Hagerty.com

The Ford LTD Landau was a working man’s luxury car

It started in the mid-1960s. The dealers charged with moving metal for lesser divisions of the Big Three started clamoring for more luxurious versions of their largest cars. Rumor has it that the reason stemmed from the division managers being forced to drive cars from the actual divisions they managed, rather than being permitted to choose Cadillacs or Lincolns for personal use. How true this is, we may never know.


This is a companion discussion topic for the original entry at https://www.hagerty.com/articles-videos/articles/2019/06/14/ford-ltd-landau-working-mans-luxury-car

Hey Richard! Glad to see you here!

As I recall, the issue with the downsized B body GMs and the old full sized Fords is pretty much as described. What I cannot recall, is why the equally large Mopars of the era don’t get the same respect as the Fords do. Outside of the New Yorker, I don’t think they get much love. Maybe it was because the more plebian versions were cannon fodder in every cop movie/TV show that was available back then.

A buddy of mine got one of these big Fords (a Grand Marquis, actually) as a HS graduation present. It was no great shakes, as it was four years old and pretty rusty already. Welcome to the rust belt. In the spring of 1980, gasoline was not cheap and the Grand Marquis could suck fuel with the best of them. But, the car was smooth, quiet and the A/C worked, which counted for a lot back then.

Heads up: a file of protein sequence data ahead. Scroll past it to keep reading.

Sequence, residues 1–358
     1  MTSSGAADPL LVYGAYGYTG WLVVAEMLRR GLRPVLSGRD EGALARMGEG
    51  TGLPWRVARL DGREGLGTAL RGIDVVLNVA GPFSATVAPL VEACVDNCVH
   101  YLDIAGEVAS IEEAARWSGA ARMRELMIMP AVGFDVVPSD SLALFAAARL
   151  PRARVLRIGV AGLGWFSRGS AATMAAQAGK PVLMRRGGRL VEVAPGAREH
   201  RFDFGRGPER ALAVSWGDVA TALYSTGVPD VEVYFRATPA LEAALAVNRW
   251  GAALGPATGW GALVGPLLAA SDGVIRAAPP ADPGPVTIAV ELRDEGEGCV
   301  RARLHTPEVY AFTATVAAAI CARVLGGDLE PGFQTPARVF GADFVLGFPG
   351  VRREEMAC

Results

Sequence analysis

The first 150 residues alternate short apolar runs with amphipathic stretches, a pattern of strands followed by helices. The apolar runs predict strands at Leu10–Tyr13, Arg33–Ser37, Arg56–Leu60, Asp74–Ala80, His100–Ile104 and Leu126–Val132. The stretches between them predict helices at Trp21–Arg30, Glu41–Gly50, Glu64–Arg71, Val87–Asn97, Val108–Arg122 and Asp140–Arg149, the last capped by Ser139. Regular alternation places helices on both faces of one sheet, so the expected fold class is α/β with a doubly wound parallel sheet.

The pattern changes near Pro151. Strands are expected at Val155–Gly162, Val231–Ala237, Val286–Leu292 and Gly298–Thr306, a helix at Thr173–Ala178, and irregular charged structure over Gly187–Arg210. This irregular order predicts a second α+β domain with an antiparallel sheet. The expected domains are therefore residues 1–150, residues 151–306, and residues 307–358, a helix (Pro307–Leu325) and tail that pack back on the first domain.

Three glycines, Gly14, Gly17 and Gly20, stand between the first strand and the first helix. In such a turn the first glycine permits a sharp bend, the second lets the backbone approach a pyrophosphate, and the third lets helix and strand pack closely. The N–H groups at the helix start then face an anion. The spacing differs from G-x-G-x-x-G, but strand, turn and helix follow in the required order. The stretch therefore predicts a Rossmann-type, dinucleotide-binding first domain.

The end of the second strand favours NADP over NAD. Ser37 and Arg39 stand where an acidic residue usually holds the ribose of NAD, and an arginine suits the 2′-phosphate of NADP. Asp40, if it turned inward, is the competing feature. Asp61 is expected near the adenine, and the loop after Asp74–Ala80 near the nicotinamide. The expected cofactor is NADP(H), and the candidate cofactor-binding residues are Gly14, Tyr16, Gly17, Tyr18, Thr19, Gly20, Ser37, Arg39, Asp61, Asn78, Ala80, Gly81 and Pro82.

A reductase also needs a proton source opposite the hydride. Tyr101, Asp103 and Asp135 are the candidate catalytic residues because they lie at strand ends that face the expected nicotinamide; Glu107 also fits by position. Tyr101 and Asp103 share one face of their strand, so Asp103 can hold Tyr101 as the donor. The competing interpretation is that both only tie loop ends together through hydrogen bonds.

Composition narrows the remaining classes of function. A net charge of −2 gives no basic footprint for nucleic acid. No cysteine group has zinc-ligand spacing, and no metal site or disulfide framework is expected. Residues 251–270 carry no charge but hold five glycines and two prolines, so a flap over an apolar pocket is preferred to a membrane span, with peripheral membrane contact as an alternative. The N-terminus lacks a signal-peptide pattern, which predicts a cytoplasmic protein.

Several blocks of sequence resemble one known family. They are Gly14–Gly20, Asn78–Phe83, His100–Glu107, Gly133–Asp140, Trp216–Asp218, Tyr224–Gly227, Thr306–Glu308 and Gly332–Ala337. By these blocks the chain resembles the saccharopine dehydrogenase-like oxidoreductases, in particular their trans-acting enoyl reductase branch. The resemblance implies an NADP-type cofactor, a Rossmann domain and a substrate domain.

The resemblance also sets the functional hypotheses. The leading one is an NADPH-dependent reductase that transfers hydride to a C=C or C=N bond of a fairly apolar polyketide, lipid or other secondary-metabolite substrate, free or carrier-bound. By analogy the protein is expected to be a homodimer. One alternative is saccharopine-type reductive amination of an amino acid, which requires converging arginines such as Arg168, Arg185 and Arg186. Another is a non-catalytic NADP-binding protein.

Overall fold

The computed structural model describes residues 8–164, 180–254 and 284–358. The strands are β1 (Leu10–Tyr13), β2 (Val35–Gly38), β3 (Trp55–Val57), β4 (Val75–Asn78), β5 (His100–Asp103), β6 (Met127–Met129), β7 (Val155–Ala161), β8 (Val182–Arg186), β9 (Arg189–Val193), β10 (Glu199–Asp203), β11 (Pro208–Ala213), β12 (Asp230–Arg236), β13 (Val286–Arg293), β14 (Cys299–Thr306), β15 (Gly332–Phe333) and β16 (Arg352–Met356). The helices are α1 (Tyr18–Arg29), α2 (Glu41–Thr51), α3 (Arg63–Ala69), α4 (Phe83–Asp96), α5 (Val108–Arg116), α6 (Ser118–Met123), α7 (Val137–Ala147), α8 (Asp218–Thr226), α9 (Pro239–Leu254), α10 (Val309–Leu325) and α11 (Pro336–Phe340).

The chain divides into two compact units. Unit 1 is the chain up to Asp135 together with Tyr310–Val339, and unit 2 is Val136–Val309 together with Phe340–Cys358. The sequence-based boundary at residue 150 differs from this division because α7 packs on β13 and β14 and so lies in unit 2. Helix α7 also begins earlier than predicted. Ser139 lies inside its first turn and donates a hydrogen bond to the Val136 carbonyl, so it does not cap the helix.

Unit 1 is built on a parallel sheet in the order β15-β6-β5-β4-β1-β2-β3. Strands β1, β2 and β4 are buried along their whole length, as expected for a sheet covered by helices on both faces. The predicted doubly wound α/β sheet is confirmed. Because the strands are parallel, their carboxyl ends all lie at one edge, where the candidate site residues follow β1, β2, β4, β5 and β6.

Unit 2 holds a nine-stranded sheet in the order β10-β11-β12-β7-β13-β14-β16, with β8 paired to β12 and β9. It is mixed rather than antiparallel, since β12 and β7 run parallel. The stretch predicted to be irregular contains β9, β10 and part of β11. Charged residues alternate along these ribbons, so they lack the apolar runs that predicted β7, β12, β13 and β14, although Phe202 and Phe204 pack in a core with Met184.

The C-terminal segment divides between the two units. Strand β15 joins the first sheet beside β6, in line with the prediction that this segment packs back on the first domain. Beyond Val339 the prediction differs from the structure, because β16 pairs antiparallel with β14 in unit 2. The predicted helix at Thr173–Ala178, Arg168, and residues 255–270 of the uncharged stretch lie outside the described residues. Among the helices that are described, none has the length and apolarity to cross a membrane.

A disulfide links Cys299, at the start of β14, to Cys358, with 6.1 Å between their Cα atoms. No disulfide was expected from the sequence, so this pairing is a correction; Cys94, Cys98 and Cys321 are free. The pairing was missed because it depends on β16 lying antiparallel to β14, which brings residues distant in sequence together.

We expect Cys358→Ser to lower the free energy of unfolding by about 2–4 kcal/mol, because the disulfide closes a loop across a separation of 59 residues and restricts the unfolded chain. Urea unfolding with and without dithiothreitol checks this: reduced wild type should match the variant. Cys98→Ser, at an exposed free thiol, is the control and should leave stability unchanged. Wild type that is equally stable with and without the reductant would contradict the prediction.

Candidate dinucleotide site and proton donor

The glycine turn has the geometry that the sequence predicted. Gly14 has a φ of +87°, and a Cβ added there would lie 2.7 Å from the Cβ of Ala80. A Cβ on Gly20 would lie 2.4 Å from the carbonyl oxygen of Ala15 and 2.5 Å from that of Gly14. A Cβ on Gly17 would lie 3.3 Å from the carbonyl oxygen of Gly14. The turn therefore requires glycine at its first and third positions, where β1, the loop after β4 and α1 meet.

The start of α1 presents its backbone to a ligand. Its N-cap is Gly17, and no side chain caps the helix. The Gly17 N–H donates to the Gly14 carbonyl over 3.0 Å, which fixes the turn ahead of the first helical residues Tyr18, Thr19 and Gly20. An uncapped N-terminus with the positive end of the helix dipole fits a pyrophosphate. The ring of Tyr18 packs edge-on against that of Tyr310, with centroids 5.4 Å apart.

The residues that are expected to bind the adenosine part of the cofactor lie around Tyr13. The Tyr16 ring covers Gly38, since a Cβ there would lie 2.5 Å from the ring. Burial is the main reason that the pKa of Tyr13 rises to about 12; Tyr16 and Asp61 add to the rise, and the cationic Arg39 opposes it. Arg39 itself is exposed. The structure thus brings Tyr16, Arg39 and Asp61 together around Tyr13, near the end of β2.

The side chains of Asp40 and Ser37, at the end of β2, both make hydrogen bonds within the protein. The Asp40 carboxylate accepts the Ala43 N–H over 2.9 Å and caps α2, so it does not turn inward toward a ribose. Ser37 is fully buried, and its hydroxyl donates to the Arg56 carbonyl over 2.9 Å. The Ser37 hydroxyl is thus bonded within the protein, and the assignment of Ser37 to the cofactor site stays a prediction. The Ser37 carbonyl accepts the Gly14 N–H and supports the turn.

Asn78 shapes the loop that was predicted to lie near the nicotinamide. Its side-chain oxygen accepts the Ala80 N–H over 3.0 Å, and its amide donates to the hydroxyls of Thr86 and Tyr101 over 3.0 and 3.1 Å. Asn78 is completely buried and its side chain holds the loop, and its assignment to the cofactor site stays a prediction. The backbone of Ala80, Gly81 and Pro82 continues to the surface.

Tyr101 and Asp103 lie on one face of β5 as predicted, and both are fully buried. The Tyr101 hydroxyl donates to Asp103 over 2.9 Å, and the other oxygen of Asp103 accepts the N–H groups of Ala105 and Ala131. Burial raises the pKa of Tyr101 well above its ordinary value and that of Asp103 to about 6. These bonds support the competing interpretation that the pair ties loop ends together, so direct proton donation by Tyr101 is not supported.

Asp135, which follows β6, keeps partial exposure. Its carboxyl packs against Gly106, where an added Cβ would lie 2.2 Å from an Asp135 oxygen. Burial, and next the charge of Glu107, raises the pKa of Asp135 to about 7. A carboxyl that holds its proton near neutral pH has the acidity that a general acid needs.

Can’t wait to see what other goodies you dig up!

George Denzinger

Lean Burn was a pox on the house of Mopar.

To really understand why the traditional big cars suffered, you have to put them in the context of OPEC, Carter, and that many of their buyers were members of the Greatest Generation. They’d seen wartime rationing, they’d seen two gas crunches, they saw a timid and weak-willed Democrat at the helm, and they were worried about not being able to fuel big cars at all as much as they were worried about the expense. It was pretty easy for a fifty year old car buyer in 1979 to visualize a world of ten-gallon gas coupons, at which point cars like this would have been yard art. Where I lived, they practically were anyway. Not too many people maintained them after they became almost-valueless trade-ins on early '80s four-cylinder compacts.

I do appreciate Richard documenting this one. It’s important to try to learn from history, even when its obviously not something the billionaires, the UN, the EU and our own political establishment want us to do.